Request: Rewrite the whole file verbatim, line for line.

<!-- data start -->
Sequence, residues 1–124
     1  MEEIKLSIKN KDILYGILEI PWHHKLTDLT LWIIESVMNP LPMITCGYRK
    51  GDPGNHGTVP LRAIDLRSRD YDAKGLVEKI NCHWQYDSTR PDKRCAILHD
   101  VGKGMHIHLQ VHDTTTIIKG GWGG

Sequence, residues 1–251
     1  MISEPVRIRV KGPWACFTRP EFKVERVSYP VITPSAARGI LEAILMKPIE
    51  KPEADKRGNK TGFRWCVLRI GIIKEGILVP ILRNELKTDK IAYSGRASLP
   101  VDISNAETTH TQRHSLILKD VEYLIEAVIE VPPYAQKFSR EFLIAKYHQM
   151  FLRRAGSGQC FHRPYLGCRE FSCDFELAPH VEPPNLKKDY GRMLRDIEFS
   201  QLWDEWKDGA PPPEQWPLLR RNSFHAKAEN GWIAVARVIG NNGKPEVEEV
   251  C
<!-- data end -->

Sequence, residues 1–124
     1  MEEIKLSIKN KDILYGILEI PWHHKLTDLT LWIIESVMNP LPMITCGYRK
    51  GDPGNHGTVP LRAIDLRSRD YDAKGLVEKI NCHWQYDSTR PDKRCAILHD
   101  VGKGMHIHLQ VHDTTTIIKG GWGG

Sequence, residues 1–251
     1  MISEPVRIRV KGPWACFTRP EFKVERVSYP VITPSAARGI LEAILMKPIE
    51  KPEADKRGNK TGFRWCVLRI GIIKEGILVP ILRNELKTDK IAYSGRASLP
   101  VDISNAETTH TQRHSLILKD VEYLIEAVIE VPPYAQKFSR EFLIAKYHQM
   151  FLRRAGSGQC FHRPYLGCRE FSCDFELAPH VEPPNLKKDY GRMLRDIEFS
   201  QLWDEWKDGA PPPEQWPLLR RNSFHAKAEN GWIAVARVIG NNGKPEVEEV
   251  C